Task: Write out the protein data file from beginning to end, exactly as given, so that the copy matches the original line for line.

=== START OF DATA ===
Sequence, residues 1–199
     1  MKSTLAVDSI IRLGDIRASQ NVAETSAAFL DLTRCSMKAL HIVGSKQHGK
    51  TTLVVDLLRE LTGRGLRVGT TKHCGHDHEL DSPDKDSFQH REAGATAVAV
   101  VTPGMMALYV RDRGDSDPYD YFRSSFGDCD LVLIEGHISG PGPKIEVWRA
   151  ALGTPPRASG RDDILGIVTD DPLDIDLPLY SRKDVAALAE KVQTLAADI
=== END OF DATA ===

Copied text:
Sequence, residues 1–199
     1  MKSTLAVDSI IRLGDIRASQ NVAETSAAFL DLTRCSMKAL HIVGSKQHGK
    51  TTLVVDLLRE LTGRGLRVGT TKHCGHDHEL DSPDKDSFQH REAGATAVAV
   101  VTPGMMALYV RDRGDSDPYD YFRSSFGDCD LVLIEGHISG PGPKIEVWRA
   151  ALGTPPRASG RDDILGIVTD DPLDIDLPLY SRKDVAALAE KVQTLAADI